My friend Simon Hathaway, who now lives in Wellington (which is a major improvement on Rotherham) sent me a pack of newspaper and magazine articles this week to add to the other resources that I have gathered to help teach about the resilience of a major city following an earthquake. I was interested to read the 'North and South New Zealander of the Year' piece, which awarded the Supreme Winner to the people of Christchurch... and that was following the earlier September 2010 quake...
There was also a really useful piece from the Dominion Post by Chris Kalderimis on the most useful items to have in a home emergency survival kit, and lots of personal stories.
The #blog4nz campaign is encouraging bloggers the world over to focus on New Zealand for a while, and this post is part of the effort.
Although my work involves me in translating a range of media into resources which can make a difference in the classroom, there is also a lot of personal interest in exploring these distant places, and one area to develop is the impact of tourism in New Zealand.
One of the potential longer term impacts of the Christchurch earthquake is the effect that it might have on the tourist industry on both islands, but particularly the South Island. New Zealand has been on my must-visit list for ever, and I still fully intend to visit one day, although the current financial situation is not making it any easier...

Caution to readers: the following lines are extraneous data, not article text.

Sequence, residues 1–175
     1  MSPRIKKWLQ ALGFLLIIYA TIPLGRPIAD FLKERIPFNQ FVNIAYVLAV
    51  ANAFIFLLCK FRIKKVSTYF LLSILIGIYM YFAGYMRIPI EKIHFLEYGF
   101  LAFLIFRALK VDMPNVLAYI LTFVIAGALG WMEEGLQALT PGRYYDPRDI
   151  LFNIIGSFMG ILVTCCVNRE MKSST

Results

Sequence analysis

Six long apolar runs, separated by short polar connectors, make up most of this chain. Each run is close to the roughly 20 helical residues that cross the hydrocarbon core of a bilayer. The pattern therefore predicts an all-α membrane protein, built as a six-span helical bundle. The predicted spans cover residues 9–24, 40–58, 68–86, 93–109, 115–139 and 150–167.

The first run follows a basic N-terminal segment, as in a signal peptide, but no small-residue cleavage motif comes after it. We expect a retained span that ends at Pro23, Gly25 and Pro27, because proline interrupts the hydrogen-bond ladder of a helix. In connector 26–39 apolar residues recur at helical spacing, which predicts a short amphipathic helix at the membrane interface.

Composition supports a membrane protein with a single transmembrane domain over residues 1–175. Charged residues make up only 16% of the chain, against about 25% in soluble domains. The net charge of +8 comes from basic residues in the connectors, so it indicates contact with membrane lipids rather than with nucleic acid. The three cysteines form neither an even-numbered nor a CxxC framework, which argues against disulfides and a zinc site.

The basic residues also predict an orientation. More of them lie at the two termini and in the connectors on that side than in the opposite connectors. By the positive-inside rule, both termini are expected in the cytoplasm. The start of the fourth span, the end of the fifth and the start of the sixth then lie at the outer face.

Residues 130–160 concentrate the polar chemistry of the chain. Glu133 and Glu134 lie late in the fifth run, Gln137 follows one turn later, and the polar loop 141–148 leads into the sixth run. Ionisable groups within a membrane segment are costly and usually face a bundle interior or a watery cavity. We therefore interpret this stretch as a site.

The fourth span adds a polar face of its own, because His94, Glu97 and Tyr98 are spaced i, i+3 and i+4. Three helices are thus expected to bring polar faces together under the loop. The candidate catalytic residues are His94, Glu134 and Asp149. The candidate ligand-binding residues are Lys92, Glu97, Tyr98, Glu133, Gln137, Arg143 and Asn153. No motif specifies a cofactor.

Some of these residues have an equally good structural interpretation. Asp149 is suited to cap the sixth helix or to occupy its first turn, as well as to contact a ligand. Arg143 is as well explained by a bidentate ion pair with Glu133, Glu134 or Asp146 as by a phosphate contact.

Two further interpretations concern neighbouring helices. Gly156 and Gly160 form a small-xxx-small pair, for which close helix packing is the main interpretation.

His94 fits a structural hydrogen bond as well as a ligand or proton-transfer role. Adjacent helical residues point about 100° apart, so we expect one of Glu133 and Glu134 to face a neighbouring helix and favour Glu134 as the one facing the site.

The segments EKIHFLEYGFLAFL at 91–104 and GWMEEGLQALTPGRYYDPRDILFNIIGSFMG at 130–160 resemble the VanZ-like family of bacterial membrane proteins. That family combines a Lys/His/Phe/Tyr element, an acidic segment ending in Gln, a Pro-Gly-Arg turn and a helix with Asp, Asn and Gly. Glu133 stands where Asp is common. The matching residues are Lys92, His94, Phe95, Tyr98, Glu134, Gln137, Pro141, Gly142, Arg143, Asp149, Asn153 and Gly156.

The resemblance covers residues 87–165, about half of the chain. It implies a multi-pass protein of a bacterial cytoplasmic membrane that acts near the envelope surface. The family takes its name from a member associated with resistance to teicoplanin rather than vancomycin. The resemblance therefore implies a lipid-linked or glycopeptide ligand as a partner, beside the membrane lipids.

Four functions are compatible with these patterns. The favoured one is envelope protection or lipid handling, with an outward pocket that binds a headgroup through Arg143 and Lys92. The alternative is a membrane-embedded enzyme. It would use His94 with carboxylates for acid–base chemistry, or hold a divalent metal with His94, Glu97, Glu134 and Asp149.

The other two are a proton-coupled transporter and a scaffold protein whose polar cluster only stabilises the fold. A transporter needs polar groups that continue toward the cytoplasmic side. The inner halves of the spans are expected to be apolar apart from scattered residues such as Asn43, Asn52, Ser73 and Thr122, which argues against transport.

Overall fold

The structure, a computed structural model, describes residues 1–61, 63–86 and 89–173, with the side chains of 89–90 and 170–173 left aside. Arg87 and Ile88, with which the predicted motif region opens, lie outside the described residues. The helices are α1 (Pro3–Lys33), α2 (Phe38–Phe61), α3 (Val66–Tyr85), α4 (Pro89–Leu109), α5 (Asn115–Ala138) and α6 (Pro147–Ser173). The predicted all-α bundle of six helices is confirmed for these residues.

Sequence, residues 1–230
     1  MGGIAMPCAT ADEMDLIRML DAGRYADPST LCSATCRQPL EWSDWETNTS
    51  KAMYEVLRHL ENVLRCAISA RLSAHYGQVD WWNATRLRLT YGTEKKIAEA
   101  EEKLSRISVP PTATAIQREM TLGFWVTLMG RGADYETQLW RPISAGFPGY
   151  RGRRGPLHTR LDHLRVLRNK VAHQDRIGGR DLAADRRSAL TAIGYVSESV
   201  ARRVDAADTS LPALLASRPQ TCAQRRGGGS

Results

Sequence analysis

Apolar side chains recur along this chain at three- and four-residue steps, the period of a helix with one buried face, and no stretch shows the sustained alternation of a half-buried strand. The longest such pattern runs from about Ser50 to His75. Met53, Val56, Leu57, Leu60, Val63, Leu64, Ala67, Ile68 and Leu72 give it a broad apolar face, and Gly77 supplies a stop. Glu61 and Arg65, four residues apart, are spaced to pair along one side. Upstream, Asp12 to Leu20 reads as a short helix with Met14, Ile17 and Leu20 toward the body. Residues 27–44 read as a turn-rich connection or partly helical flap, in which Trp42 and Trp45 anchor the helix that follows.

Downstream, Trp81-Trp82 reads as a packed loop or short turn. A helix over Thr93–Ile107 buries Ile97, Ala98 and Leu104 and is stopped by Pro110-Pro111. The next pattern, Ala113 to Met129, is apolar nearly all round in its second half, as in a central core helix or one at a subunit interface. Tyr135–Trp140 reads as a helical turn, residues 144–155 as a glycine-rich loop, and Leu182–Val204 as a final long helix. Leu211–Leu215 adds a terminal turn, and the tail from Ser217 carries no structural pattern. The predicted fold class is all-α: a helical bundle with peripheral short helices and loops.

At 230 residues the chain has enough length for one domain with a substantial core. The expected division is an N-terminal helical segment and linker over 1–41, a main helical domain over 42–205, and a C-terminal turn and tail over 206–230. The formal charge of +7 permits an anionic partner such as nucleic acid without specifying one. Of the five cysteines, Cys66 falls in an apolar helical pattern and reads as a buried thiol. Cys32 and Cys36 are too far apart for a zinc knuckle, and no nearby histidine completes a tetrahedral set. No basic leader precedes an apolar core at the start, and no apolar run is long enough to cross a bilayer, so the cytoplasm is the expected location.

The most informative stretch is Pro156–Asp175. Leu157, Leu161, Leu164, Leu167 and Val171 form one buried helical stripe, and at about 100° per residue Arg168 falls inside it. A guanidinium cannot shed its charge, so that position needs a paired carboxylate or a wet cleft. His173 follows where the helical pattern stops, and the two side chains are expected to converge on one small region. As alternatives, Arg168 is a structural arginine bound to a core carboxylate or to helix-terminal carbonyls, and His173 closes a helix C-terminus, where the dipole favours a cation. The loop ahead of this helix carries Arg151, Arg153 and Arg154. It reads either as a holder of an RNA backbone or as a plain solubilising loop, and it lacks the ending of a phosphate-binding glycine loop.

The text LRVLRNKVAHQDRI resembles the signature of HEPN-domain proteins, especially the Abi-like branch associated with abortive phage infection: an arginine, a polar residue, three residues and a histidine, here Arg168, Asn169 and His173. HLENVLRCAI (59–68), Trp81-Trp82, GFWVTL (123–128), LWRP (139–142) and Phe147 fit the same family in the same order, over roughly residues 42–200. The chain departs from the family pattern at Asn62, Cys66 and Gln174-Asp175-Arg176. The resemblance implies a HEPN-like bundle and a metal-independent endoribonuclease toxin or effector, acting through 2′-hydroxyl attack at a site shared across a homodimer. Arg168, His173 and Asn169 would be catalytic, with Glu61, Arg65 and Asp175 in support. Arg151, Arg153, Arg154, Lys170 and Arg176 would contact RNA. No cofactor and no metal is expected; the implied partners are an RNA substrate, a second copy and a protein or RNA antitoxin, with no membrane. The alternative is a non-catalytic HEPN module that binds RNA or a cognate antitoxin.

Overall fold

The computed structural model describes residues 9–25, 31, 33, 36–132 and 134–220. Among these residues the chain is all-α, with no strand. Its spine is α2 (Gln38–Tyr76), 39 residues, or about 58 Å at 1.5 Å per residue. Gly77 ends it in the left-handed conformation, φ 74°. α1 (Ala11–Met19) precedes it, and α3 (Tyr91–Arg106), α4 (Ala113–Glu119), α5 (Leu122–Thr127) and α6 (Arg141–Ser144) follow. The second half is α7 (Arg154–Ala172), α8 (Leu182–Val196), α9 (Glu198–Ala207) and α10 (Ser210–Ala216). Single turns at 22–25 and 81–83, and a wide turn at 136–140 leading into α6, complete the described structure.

Image shared under Creative Commons license by Boston Public Library
When I was asked to produce a KS3 book for use in the geography classroom, I was determined to get a little bit of New Zealand in there. I chose an iconic landform to focus on: the distinctive Mitre Peak in Milford Sound.
My contribution to the GA's toolkit series included two lessons called "Mountains on my Mind". They involved students applying for a job with a fictional tour company which operated flights into Milford Sound. Students needed to prepare themselves for the job interview by researching answers to the sorts of questions that tourists would have as they flew over the mountains.
Below is a slideshow of images taken by Simon Hathaway, which were used to introduce the lesson - the music is by the band "Suns of the Tundra" - with thanks to Simon Oakes for the remix music track :) - warning: it could get loud !!
Create your own video slideshow at animoto.com.
When clicking on the Dominion Post link earlier to create the hyperlink, I noticed a few tourism related stories straight away:
Preparations for the next Rugby World Cup later this year are already well underway, and there was also the story about the filming for 'The Hobbit' movie.
This reminded me of a the tourism benefits of the filming of "The Lord of the Rings" which resulted in a major surge in visitors, and the publication of several guides to the filming locations.
So what would my top priorities be for our family visit to New Zealand, which was going to be 2012, but now looks like being later... My interest in some parts of the country date back to 2007. At the time I was supporting Val Vannet as she followed Mark Beaumont around the world on his record-breaking
I took over from Val over the Christmas and New Year period 2007-8 and followed Mark through New Zealand and therefore spent a lot of time using Google Earth and other sites to trace his route and identify some geographical highlights....